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Package examples.jolt.ejb.bankapp

Enterprise JavaBean stateful session to TUXEDO Server using Jolt
example package and classes

about this example

This example is a package that demonstrates an Enterprise JavaBean. Please run this example before attempting to create your own Enterprise JavaBeans, as it will show you the different steps involved. The example is a stateful session EJBean called TellerBean that contacts a TUXEDO Server using Jolt for WebLogic and conducts transactions.

The example demonstrates:

The Client application performs these steps:
  1. Contacts the Teller home ("TellerHome") through JNDI to find the EJBean
  2. Creates a Teller ("Terry")
  3. The application then:
    1. Gets the current balance for account 10000
    2. Transaction 1: Deposits 100 into the account, and displays the balance
    3. Transaction 2: Deposits 200 (more than the transaction limit of 300)
    4. Attempts to withdraw 100 more than the balance of the account
    5. Catches an ApplicationException, retreives the status messages embedded in the exception and rolls back Transaction 2
    6. Gets the final balance for the account
  4. Removes the Teller
You can see in the Transaction 2 how the balance is successfully rolled back to what it was at the end of Transaction 1.

Note that in Transaction 1, a single call is made, and is automatically committed. In Transaction 2, a begin() and commit() bracket two seperate requests (a deposit and a withdrawl).

The bean provides an example of a simple interface for accessing the TUXEDO Server.

how to use this example

To get the most out of this example, first read through the source code files to see what is happening. Start with the XML deployment files to find the general structure of the EJBean, which classes are used for the different objects and interfaces, then look at to see how the application works.

In general, you will need to adjust certain properties to match your setup. you will need to edit the entry for the property that begins with "weblogic.ejb.deploy" in the file to deploy the EJBean. The property is commented out in the default properties file; make sure that you uncomment out all the lines of the property.

These three sections cover what to do:

  1. Build the example
  2. Set your environment
  3. Run the example

Build the example

Copy the files in this directory to your WebLogic document root. The default document root is the myserver/public_html directory in WebLogic home.

Set up your development environment as described in Setting your development environment.

We provide separate build scripts (in the directory above this one: /examples/jolt/ejb) for Windows NT and UNIX:

The "build" scripts build individual examples, such as this entry for Windows:

$ build
These scripts will build the example and place the files in the correct locations:

Set your environment

Deploy the EJBean by adding the path to the .jar file to the "weblogic.ejb.deploy" property.

We provide a commented-out version in the property that begins with "weblogic.ejb.deploy" that you can use. you will need to adjust the property depending on which EJBeans you are building and are deploying, or if the location of the files differs from the installed location.

Note: If you are running under the Microsoft SDK for Java add the path to the .jar to the CLASSPATH for your WebLogic Server.

Add a Jolt connection pool that connects to your TUXEDO server. See Implementing Jolt for WebLogic for information on how to set up your server.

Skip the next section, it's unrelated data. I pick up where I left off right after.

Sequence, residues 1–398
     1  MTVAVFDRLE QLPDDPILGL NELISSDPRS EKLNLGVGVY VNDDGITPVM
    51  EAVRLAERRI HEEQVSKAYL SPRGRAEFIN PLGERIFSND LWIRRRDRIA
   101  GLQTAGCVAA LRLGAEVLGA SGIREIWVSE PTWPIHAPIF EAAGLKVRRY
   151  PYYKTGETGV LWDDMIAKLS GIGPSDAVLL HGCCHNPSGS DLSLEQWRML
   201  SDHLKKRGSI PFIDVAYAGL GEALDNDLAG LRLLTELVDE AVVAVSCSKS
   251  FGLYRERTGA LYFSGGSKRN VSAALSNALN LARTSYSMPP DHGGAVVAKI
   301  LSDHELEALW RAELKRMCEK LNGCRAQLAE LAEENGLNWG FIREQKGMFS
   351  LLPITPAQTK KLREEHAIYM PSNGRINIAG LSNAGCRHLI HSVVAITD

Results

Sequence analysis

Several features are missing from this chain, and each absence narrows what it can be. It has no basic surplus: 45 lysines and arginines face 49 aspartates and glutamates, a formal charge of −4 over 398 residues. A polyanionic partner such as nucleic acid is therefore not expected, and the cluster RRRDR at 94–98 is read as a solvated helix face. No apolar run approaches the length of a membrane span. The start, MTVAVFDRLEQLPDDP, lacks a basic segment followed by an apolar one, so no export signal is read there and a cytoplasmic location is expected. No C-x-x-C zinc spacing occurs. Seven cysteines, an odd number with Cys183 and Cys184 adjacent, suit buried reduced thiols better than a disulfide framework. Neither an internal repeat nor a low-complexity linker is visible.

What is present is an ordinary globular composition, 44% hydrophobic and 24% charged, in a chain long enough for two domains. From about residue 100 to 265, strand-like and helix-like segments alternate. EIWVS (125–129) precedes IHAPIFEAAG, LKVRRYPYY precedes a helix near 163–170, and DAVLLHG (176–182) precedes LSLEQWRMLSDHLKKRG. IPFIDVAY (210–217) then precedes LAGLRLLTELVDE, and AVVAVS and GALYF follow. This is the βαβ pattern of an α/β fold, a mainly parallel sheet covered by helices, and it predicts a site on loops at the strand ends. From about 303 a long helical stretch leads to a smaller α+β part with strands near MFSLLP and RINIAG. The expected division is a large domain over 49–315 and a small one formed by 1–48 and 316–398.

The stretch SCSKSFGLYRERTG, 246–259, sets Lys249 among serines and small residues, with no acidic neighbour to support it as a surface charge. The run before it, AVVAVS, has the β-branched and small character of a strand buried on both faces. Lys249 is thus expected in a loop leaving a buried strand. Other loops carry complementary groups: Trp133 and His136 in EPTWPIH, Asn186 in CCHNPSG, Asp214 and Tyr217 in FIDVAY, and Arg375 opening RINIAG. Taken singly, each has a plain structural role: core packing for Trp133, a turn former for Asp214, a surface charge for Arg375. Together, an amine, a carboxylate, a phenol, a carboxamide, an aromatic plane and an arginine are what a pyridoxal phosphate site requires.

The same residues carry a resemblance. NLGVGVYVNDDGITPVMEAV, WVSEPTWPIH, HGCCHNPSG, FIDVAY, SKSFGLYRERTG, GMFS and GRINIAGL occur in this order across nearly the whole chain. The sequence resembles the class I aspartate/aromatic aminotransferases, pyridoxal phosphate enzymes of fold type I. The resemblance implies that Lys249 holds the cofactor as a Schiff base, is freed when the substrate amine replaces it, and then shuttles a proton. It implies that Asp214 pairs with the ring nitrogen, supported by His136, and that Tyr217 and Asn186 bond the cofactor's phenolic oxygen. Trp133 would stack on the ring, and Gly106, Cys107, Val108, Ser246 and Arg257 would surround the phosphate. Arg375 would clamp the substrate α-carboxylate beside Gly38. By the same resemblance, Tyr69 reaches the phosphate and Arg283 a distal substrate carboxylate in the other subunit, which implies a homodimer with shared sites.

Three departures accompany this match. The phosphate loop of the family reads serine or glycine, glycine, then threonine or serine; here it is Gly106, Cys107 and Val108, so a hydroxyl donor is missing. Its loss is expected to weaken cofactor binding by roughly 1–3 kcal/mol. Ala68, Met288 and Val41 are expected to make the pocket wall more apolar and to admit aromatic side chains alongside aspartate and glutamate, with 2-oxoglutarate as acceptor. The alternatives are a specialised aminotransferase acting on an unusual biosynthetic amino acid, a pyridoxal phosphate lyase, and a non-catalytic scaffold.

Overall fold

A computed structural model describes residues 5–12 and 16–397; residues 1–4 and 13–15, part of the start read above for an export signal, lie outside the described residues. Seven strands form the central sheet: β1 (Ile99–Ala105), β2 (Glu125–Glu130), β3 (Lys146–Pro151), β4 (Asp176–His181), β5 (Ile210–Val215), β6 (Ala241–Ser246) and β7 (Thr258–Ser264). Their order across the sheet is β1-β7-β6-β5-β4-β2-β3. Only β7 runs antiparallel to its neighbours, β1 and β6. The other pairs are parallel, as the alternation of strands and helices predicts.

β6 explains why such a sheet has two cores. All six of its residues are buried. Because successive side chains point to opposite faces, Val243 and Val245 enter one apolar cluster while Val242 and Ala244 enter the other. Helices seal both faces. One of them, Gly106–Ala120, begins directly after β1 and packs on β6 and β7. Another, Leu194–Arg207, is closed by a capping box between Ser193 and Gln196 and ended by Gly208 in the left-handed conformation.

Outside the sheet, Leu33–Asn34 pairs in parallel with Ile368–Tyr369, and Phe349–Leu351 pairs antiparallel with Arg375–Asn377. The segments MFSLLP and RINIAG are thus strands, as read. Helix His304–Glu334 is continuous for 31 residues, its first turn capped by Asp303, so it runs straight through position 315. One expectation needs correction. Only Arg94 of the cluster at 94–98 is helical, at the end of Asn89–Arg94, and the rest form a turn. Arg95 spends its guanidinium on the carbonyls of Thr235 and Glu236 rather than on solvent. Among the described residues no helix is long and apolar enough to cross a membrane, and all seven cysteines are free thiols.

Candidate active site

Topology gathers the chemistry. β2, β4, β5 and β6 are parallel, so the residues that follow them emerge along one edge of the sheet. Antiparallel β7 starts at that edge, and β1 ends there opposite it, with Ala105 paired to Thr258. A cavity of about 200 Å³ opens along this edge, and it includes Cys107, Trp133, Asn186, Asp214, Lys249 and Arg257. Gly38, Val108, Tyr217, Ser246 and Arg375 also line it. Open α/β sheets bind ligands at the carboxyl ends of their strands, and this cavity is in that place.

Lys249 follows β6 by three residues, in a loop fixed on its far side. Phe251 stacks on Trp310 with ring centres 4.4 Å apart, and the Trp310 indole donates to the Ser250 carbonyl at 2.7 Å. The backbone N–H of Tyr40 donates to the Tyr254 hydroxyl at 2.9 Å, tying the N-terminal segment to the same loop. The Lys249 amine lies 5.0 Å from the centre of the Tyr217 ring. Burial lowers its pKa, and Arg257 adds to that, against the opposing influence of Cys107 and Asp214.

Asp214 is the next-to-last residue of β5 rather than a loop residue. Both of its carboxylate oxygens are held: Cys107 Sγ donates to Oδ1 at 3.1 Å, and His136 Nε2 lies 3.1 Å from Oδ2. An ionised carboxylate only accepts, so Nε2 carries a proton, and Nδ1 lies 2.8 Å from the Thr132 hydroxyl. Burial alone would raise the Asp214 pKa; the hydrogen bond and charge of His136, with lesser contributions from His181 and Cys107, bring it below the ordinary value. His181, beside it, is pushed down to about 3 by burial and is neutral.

Here is a sample file:

# Demo Jolt pool



Run the example

  1. Start a TUXEDO server on the machine and port you have designated in the file.
  2. Start the WebLogic Server. You can check that the EJBean has been deployed correctly either by checking the server command line window, or by opening the Console and examining "EJB" under the "Distributed objects"; you should see bankapp.TellerHome deployed, and can monitor its activity.
  3. Run the client in a separate command line window. Set up your client as described in Setting your development environment, and then run the client by entering:
    $ java examples.jolt.ejb.bankapp.Client

    If you are not running the WebLogic Server with its default settings, you will have to run the client using:

    $ java examples.jolt.ejb.bankapp.Client "t3://WebLogicURL:Port"


    Domain address of the WebLogic Server
    Port that is listening for connections (weblogic.system.ListenPort)

    Parameters are optional, but if any are supplied, they are interpreted in this order:

    url - URL such as "t3://localhost:7001" of Server
    user - User name, default null
    password - User password, default null

  4. If you are running the Client example, you should get output similar to this from the client application:
    Beginning jolt.bankapp.Client...
    Created teller Terry
    Getting current balance of Account 10000 for Erin
    Balance: 27924.02
    Start Transaction 1 for Erin
      Depositing 100.0 for Erin
      Balance: 28024.02
    End Transaction 1 for Erin
    Start Transaction 2 for Erin
      Depositing 200.0 for Erin
      Balance: 28224.02
      Withdrawing 28324.02 for Erin
      Transaction error:
      examples.jolt.ejb.bankapp.TransactionErrorException: Teller error: application
    Account Overdraft
      Rolling back transaction for Erin
    End Transaction 2 for Erin
    Getting final balance of Account 10000 for Erin
    Balance: 28024.02
    Removing teller Terry
    End jolt.bankapp.Client...
    Note how the final balance shows that Transaction 2 was rolled back to the balance at the end of Transaction 1.

there's more

Read more about EJB in BEA WebLogic Server Enterprise JavaBeans.

Read more about Jolt in the Jolt for WebLogic Server User's Guide.

Copyright © 1998-2000 BEA Systems, Inc. All rights reserved.

Last updated 03/20/2000